1st Battalion 22nd Infantry
News September 2010
PFC Adam Moreau receives the Purple Heart Medal
receives Purple Heart from U.S. Secretary of Defense Robert Gates
By: Spc. Breanne Pye
1st Brigade Combat Team Public Affairs Office, 4th Infantry Division
KANDAHAR, Afghanistan (September 3) U.S. Secretary of Defense, Robert Gates, presented a wounded Task Force Regular Soldier
the Purple Heart Friday during a ceremony held at Kandahar Air Base.
Pfc. Adam Moreau, assigned to Delta Company, 1st Battalion, 22nd Infantry Regiment, 1st Brigade Combat Team, 4th Infantry Division,
received the Purple Heart for wounds sustained when his convoy was struck by an improvised explosive device Aug. 30
while conducting a combat logistics patrol near the Arghandab river valley outside Kandahar City.
I feel honored that the Secretary of Defense would take time out of his busy schedule to present me this award, said Moreau.
It feels good to know that he cares about all of us Soldiers and that he recognizes and supports all the hard work we are doing on the ground here.
Though the 24-year-old native of Augusta, Maine is currently recuperating from his wounds on Kandahar Air Field, Moreau has chosen
to return to his unit and continue his mission in the Arghandab river valley once his wounds have healed.
I think it says a lot, that he is anxious to return to his unit and get back to his job, said Sgt. Alex Faiivae, Team Leader for Delta Company, 1-22 IN.
He was given a choice. Go home and support the unit from the rear, or heal up and come back to work.
Adam is an outstanding Soldier, said Faiivae. He knows his job very well and has always made a point of looking after his fellow Soldiers.
His courage, selfless service and sense of duty truly exemplify the Armys core values.
Though he said he has had plenty of support on KAF, Moreau is eager to get back to his Regular brothers.
I appreciate all the support Im getting here, said Moreau. But Im really looking forward to getting back to my platoon
and being around the guys that know me best.
If theres one thing people can take away from his experiences, Moreau said he hopes they will remember that he got a Purple Heart
because of something that happened to his team, not something that happened to him.
Im just a regular Soldier, Moreau said. I wake up, go to work, and do my job. When I look at this award, it will remind me of my team,
and all we have been through, not me, and all I have been through.
Secretary Gates pins the Purple Heart on PFC Moreau
Secretary Gates and PFC
PFC Moreau was wounded in the
PVT Austin J. Barrow
Photo from Crestview News Bulletin
Locals graduate from military
September 05, 2010 4:20 AM
Barrow completes training
Army Pvt. Austin J. Barrow has completed nine weeks of basic infantry training at Fort Benning, Ga.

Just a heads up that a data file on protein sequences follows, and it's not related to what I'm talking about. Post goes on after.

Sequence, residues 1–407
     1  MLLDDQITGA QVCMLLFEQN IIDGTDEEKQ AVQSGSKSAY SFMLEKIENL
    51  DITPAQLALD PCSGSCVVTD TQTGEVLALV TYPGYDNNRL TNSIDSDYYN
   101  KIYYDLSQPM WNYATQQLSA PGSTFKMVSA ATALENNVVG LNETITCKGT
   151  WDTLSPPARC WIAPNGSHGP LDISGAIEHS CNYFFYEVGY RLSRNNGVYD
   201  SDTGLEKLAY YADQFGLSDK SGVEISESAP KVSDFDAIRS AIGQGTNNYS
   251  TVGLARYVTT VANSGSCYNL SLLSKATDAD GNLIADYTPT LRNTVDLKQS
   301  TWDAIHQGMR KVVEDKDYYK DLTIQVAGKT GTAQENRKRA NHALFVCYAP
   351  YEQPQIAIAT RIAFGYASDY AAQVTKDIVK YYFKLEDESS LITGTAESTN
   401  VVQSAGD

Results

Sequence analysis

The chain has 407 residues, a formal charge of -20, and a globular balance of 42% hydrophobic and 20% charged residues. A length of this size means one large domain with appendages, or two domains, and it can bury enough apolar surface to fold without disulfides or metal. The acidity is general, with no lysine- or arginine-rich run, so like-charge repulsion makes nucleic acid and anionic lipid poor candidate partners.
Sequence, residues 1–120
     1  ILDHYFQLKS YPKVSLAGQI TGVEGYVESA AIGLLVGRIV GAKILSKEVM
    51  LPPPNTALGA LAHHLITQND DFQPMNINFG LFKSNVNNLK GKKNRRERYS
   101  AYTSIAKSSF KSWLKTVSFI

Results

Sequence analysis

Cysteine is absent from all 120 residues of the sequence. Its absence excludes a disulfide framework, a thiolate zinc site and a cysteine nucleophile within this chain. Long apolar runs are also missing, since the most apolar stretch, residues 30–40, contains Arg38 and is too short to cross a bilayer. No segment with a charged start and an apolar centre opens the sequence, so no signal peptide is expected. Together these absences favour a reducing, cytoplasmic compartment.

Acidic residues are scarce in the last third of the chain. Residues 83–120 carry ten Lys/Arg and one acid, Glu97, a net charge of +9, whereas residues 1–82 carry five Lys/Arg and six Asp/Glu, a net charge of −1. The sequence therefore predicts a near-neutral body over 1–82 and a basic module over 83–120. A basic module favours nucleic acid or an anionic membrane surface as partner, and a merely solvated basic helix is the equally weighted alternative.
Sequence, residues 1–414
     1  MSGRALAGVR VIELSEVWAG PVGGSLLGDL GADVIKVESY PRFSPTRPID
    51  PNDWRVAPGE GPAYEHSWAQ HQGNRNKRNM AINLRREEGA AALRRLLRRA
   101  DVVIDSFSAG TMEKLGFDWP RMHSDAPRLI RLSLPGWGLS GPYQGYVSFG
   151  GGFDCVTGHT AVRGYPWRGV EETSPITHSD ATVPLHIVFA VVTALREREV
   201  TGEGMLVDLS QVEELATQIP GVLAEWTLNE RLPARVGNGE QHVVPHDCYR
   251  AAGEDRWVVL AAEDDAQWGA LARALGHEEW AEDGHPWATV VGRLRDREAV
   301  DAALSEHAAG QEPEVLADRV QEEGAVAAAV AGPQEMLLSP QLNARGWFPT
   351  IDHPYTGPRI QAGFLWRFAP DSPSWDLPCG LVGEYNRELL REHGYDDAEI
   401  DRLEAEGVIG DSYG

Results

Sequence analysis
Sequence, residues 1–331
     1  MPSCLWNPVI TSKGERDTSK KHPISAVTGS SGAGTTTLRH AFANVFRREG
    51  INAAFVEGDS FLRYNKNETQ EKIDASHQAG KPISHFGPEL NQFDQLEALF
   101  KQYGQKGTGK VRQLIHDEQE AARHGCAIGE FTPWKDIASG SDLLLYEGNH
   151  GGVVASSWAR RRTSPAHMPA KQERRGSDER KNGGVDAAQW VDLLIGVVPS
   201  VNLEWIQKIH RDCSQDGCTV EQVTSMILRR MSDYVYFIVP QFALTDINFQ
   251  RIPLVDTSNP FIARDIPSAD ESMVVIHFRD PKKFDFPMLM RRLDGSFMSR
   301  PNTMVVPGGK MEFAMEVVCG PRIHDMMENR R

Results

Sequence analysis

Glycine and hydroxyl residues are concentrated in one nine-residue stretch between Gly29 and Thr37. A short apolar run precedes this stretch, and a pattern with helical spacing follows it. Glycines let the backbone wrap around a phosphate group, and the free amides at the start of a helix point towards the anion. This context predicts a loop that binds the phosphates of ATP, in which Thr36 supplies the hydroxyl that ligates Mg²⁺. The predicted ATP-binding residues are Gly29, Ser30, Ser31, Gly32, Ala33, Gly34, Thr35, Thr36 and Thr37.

He also attended Airborne School, earned his wings and is qualified as an Army infantry paratrooper.
Pvt. Barrow is following a long family history of Army Soldiers. He is the son of Kathy Barrow and Troy Barrow and the grandson
of Tomas and Dorothy Seagle, Walter and Joyce Barrow and June Barrow. He is a 2008 graduate of Crestview Senior High School
and a Big Red Machine drum line alumni.
Barrow is currently serving with the 1st Battalion of the 22nd Infantry, part of the 4th Infantry division at Fort Carson, Colo.
From Crestview News Bulletin
Raider Brigade building rapport in suburb villages of Kandahar
By:1st Brigade Combat Team Public Affairs Office
4th Infantry Division
KANDAHAR, Afghanistan As the Soldiers
approached the village, a child stepped out from behind a wall
and reached up to point to a pen
poking out of the nearest Soldiers pocket. The Soldier pulled the pen out and offered it to the young boy, who snatched it up and immediately ran away.
Seconds later, the Soldiers of 1st
Battalion, 22nd Infantry Regiment, 1st Brigade Combat
Team, 4th Infantry Division,
who had been conducting a joint combat patrol through the the outskirts of Kandahar 20-24 Sep., were surrounded
by dozens of eager children, all hoping for prizes of their own.
Soldiers of Task Force
Regular were patrolling the area as part of
a campaign to build rapport with local villagers
and provide security and stability to the local population, said Cpt. Bradley Rudy, commander, Bravo Company, 1-22IN, 1BCT, 4th Inf. Div.
A big part of our job is to listen to the
residents concerns and suggestions so we can help them out
with the little things, said Rudy.
Were here to show them we care about their welfare and want to secure a better future for them.
Its the little things we can do that let
the people know we can be trusted and are here to help, said Spc.
medic assigned to 3rd platoon, B Company, 1-22IN, 1BCT, 4th Inf Div.
Hoggard knows a thing or two about making a
difference with the little things. During the patrol, he was
approached by a young girl
who was carrying her baby sister on her back. The little girl couldnt walk because she had a cut on the bottom of her foot.
She didnt want candy or pens, like
the other children, said Hoggard. She simply wanted a
and some medicine to put on her sisters injured foot.
A lot of the time when we are on patrols
like this, we find children with cuts on their arms and
feet, he said.
It doesnt take much to clean their wounds and bandage them up, and a little compassion goes a long ways.
We are already seeing a difference in the
way we are received in these villages, said Rudy. A
few months ago,
we would only see a child or two as we patrol through the streets; but now, village elders and children alike come out to greet us.
This is about building a better
connection with the people, said Rudy. Whether
were providing them medical treatment
or passing out school supplies to their youth; we are building a powerful and lasting relationship that the Afghan people know they can trust.
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